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Executive Chairmen: The Other Compensation Issue

The CEOs of public companies are scrutinized for their expensive pay packages. After these CEOs step down from their top …

The CEOs of public companies are scrutinized for their expensive pay packages. After these CEOs step down from their top position, however, the public rarely gives a second thought to how they are compensated. Their compensation is still relevant, however, because a large number of former CEOs step out of the C-suite and into the advisory role of the executive chairman, according to a new article from The Wall Street Journal.

In 2010, the median pay package for an executive chairman was $3.75 million. Though it is a far cry from the exorbitant packages some current CEOs are seeing, a yearly payment of almost $4 million is nothing to scoff at.

For example, when Stanley Works took over Black & Decker Corp. in 2010, the CEO of Black & Decker, Nolan Archibald, took the position of executive chairman at Stanley Black & Decker Inc. The pay package that Archibald received upon becoming executive chairman may now be worth as much as $92 million by 2013.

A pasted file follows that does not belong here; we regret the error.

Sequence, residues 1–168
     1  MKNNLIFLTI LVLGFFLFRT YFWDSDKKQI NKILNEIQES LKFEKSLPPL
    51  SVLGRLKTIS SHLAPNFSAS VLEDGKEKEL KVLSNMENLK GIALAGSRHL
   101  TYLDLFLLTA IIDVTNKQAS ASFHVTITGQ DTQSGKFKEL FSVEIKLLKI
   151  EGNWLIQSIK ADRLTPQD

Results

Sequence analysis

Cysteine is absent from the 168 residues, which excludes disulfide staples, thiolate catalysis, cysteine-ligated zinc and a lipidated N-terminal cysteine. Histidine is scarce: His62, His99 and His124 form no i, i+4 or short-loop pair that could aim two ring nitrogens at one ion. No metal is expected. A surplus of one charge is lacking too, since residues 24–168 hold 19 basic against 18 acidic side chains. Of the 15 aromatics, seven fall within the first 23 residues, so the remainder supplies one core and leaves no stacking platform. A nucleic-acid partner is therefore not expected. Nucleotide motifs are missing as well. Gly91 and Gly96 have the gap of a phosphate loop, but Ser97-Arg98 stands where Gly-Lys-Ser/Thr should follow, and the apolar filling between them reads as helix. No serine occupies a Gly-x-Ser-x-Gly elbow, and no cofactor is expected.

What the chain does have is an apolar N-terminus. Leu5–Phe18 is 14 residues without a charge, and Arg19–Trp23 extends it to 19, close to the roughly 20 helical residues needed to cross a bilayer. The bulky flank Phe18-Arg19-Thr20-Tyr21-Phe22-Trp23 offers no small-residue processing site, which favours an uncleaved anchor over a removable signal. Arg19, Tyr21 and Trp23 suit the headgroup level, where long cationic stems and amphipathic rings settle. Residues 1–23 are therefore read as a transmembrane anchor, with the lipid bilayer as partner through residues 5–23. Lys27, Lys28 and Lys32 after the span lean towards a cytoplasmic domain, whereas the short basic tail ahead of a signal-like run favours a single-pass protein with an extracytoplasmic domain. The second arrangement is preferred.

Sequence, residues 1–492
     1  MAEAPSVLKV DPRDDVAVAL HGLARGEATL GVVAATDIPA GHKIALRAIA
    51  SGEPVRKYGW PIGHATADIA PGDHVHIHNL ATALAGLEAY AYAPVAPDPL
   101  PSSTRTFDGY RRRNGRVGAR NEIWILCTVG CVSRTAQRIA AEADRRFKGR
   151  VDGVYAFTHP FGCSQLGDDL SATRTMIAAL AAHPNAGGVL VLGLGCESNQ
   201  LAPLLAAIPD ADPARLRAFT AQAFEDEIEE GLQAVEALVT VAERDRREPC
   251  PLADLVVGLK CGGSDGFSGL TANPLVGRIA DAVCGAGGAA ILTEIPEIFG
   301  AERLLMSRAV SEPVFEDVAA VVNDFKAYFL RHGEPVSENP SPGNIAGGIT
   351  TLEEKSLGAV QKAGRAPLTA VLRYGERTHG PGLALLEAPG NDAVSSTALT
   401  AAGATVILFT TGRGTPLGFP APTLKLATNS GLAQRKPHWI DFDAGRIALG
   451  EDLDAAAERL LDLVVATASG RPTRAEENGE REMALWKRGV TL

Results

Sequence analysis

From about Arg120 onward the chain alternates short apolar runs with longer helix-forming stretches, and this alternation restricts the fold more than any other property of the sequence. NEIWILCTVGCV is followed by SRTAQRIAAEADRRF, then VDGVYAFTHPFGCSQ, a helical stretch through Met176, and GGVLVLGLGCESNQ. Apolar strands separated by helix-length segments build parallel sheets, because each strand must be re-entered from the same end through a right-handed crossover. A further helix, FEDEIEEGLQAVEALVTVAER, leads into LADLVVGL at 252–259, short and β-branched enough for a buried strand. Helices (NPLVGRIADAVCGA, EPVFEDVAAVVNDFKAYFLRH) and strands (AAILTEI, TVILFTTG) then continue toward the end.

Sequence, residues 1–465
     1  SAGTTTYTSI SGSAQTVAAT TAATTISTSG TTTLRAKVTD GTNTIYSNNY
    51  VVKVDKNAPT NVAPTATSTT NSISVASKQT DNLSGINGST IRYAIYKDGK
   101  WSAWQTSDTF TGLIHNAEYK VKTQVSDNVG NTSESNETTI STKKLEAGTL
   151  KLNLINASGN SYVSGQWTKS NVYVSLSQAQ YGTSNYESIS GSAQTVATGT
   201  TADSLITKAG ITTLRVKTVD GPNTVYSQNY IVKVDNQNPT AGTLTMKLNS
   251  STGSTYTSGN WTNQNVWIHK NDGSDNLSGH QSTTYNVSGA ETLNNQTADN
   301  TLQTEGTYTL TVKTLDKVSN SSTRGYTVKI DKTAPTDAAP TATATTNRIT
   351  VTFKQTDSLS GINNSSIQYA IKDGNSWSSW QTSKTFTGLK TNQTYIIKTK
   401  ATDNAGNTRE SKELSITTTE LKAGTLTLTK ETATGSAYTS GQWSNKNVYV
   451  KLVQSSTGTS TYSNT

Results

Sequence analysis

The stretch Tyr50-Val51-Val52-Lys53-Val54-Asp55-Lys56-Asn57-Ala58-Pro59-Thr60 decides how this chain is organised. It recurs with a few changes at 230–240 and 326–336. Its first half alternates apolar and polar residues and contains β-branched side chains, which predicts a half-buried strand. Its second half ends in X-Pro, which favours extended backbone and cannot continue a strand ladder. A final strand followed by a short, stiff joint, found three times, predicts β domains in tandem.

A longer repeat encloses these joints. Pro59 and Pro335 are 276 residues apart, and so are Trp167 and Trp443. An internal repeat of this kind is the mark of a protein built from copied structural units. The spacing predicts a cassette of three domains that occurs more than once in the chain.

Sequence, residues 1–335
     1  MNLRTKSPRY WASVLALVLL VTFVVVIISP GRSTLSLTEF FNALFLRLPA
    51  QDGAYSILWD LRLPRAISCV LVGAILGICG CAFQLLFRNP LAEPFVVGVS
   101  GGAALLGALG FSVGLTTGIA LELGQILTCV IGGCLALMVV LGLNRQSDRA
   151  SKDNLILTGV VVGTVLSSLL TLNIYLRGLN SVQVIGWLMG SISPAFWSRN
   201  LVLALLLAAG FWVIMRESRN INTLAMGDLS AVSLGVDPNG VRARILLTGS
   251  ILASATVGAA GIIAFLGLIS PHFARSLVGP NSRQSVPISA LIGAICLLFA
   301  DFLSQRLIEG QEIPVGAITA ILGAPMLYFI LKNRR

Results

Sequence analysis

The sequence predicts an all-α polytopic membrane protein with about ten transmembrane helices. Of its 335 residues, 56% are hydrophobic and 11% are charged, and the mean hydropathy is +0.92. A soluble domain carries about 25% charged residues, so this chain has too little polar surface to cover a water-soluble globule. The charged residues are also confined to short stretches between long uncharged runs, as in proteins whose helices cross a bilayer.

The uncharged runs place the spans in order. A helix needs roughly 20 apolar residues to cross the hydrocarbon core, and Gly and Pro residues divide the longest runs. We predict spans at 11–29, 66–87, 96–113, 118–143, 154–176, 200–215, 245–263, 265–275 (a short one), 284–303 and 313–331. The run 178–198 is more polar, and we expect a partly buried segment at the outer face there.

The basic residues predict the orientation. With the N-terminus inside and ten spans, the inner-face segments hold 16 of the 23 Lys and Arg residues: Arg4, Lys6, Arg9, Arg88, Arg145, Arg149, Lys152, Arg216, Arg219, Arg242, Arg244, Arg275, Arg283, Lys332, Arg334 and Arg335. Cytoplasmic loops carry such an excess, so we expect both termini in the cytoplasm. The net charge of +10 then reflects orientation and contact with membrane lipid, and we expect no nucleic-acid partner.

Executive chairmen are getting as much as 60 percent of what CEOs are paid. And this is a common practice; the number of firms where CEOs stay on as executive chairman has more than doubled in the last three years. In 2008, 17 public company CEOs stepped down and into the role of executive chairman as compared to the 35 in the first three quarters of 2011. Steve Jobs will now be Apple’s executive chairman and Eric Schmidt will take the role at Google, for example.

Should executive chairman pay be regulated in the same way as CEO pay?

Just like executive chairmen, the compensation practices for private company CEOs receive very little attention. Chief Executive Group Research just released its CEO and Executive Compensation in Privately Held Companies Report 2011 which includes comprehensive data and best practices from over 1600 current CEO and senior executives at 789 companies. For more information, click here.

Read: When Former CEOs Hang Around

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